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"Canada can, within a positive friendly atmosphere, ask the Chinese government to resolve the Tibetan situation."

Riot shows desperate Tibetans may defy security

March 24, 2009

By Emma Graham-Harrison
March 23, 2009

BEIJING, March 23 (Reuters) - A weekend riot by
hundreds of ethnic Tibetans was a spontaneous
response to tough Chinese security measures,
activists and an expert said on Monday, and more
destabilising outbursts are likely in coming months.

Beijing has flooded Tibet and ethnic Tibetan
areas in neighbouring provinces with security
forces, cut off some Internet and mobile phone
services and closed the region to almost all
foreigners in March, a month of sensitive
anniversaries and a controversial new holiday.

But the heavy security presence and threat of
harsh punishment during a "strike hard" campaign
against separatism has not been enough to contain
simmering resentment about Chinese rule,
including anger at controls on religion and limited economic opportunities.

Police detained almost 100 monks after hundreds
of people rioted and attacked a police station in
an ethnic Tibetan part of the western province of
Qinghai, state media said on Sunday. [ID:nPEK371055]

The incident was just the latest in a string of
isolated but recurring outbursts of unrest,
including a monk who set himself on fire and a
bomb thrown at a government office.

"Protesters know they could be arrested and
beaten up for shouting slogans or distributing
leaflets near police stations or barracks, but
they are not afraid. It's a sign they have given
up all hope," a Beijing-based source with
contacts in Tibetan areas told Reuters.

More than 60 people had been arrested in one
small corner of Sichuan province since February alone, the source added.

"The situation is very tense. There have been
arrests almost every day," he told Reuters,
asking not to be named because conditions in
Tibetan areas are highly sensitive and he was not
authorised to talk to the media.


Rioting broke out in Tibet's regional capital
Lhasa on March 14 last year after days of
protests against Chinese rule by Buddhist monks,
killing 19 people and sparking waves of protests
across Tibetan areas. Groups of Tibetan exiles
say more than 200 people died in a subsequent crackdown.

A year later many Tibetans skipped traditional
New Year celebrations in an understated gesture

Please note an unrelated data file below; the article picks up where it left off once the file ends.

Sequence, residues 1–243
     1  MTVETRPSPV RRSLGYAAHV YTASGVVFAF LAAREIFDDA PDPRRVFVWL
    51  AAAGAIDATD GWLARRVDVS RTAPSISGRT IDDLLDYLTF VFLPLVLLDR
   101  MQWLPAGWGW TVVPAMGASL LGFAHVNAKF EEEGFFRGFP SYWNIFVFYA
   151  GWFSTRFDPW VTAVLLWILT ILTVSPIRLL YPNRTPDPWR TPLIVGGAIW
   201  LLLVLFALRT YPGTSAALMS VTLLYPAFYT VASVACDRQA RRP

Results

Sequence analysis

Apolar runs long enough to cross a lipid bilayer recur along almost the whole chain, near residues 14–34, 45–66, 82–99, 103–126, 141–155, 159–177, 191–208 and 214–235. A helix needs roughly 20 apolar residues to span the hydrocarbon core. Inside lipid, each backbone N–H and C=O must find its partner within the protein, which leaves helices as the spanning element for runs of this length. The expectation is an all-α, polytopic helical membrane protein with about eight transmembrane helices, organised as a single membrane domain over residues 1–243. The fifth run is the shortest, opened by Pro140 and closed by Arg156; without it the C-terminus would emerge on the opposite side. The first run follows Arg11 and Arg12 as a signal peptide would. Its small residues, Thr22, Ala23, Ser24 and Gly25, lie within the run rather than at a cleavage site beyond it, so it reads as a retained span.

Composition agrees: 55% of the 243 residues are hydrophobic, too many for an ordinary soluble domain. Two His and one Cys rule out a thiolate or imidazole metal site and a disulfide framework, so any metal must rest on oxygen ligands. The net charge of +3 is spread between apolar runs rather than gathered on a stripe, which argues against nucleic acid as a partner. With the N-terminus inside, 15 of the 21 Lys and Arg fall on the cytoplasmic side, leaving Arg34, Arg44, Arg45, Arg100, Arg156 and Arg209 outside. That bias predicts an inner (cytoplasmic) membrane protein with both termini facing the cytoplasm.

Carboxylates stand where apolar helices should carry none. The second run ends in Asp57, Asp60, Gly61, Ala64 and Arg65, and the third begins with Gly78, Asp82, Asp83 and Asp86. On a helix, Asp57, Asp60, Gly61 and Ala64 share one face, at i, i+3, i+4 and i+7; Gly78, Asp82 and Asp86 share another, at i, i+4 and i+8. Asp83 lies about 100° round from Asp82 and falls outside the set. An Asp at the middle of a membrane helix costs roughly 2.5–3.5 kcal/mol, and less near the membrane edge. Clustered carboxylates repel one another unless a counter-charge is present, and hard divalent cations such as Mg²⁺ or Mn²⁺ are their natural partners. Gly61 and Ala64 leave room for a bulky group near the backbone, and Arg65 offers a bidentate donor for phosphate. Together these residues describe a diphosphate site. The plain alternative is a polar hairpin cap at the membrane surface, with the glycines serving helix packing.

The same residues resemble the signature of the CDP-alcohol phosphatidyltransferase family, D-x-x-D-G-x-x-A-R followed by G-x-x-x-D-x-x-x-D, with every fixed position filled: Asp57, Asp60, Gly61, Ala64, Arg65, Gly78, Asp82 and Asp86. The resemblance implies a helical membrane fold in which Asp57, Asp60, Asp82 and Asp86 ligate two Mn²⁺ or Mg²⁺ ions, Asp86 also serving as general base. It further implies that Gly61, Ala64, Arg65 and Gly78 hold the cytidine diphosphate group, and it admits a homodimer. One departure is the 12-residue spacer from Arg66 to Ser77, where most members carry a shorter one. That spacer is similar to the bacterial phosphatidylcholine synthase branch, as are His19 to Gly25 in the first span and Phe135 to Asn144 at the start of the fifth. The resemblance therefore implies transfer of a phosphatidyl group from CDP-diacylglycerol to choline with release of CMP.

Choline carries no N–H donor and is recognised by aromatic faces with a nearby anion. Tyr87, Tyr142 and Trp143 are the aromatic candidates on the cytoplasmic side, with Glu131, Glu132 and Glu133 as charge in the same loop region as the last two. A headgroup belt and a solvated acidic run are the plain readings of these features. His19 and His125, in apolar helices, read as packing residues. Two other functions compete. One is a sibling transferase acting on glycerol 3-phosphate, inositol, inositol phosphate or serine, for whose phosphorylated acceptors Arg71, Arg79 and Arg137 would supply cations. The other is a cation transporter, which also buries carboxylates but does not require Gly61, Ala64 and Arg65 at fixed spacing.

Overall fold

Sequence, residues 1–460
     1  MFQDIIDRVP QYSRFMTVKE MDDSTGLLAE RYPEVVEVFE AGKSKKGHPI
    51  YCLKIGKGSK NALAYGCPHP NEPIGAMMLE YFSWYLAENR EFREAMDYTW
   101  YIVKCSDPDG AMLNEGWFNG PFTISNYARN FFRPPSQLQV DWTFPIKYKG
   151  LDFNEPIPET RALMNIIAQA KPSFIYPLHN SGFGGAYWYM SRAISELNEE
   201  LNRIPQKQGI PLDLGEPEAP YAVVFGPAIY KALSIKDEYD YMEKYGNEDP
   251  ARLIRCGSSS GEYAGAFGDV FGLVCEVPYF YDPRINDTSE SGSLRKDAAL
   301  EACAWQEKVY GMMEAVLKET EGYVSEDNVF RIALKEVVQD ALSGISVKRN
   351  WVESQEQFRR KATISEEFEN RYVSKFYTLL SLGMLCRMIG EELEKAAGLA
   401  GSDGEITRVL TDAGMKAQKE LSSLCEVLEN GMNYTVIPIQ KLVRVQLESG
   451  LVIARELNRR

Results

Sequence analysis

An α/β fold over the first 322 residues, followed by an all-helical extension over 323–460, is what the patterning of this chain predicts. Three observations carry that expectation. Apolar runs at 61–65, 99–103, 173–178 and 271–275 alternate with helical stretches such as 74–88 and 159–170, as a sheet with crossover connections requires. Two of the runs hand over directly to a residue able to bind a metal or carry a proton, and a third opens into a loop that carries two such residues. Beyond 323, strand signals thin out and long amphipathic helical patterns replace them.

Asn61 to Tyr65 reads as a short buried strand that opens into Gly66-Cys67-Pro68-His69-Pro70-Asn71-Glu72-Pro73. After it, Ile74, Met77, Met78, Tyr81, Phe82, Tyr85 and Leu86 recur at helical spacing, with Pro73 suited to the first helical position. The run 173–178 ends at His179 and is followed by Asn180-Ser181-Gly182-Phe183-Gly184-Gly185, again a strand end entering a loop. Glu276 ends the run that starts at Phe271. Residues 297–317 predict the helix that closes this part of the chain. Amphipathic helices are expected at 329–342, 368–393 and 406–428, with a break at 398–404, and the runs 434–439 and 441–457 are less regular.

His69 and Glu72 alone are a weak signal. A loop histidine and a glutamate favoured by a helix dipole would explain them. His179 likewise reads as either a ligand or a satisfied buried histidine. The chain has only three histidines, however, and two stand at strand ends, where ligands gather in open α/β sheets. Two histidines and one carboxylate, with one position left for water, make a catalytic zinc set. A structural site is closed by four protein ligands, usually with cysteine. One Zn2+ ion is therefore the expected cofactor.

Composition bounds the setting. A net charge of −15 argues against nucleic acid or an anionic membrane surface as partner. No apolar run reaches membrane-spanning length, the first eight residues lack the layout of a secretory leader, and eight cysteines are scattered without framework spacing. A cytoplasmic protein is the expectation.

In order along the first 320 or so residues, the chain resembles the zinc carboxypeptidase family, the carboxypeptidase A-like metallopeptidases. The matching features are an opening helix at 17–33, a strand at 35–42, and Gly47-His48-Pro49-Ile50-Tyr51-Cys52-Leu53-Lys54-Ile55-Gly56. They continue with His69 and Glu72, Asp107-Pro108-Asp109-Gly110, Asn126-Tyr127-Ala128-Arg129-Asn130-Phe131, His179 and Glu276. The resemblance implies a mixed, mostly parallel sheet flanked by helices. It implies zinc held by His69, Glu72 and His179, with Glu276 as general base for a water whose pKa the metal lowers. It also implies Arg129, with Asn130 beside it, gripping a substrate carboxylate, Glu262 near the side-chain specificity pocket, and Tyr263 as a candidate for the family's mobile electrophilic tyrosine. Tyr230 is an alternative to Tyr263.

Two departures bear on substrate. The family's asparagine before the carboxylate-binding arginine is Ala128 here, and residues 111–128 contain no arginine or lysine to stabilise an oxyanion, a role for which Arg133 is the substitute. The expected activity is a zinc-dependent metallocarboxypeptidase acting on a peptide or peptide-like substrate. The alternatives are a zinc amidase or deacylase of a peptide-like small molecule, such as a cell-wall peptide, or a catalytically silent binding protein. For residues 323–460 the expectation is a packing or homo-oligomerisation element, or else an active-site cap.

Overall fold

of mourning for last year's dead, and activists
say they are under so much pressure that
outbreaks like Sunday's riot are almost inevitable.

"I think this is a sign of how bad things are
inside and how people feel absolutely frustrated
and at breaking point," said Lhadon Tethong,
executive director of Students for a Free Tibet.

"Clearly Beijing is taking the iron fist approach
to resistance, but Tibetans are showing they
won't be cowed -- even when it appears to be
calm, something like this happens."

This month also marks the 50th anniversary of the
flight into exile in India of the Dalai Lama,
Tibet's spiritual leader whom Beijing brands a
separatist, after a failed uprising against Chinese rule.

Beijing is mobilising government officials and
Tibetans to try to calm the area and preach a message of national unity.

Gyaltsen Norbu, recognised by Beijing as the 11th
incarnation of the Panchen Lama, Tibet's number
two spiritual leader, wrote on Monday that monks
and nuns should not get involved in politics or support separatism.

"According to my understanding of the essence of
Buddhist sutras, any monks and nuns should also
love their own motherland while strictly abiding
by religious disciplines," he wrote in an article
published by the official China Daily newspaper.

But the 19-year-old monk is spurned by many
Tibetans. Instead they support another boy who
was chosen by the Dalai Lama, but disappeared
soon after he was named and at the time was
dubbed the world's youngest political prisoner.

On March 28 Tibet will celebrate for the first
time "serf emancipation day", commemorating the
formation of the communist government 50 years
ago. Critics say it is a propaganda exercise
based on a wilful misrepresentation of history.
(Additional reporting by Benjamin Kang Lim;
Editing by Nick Macfie and Jerry Norton)
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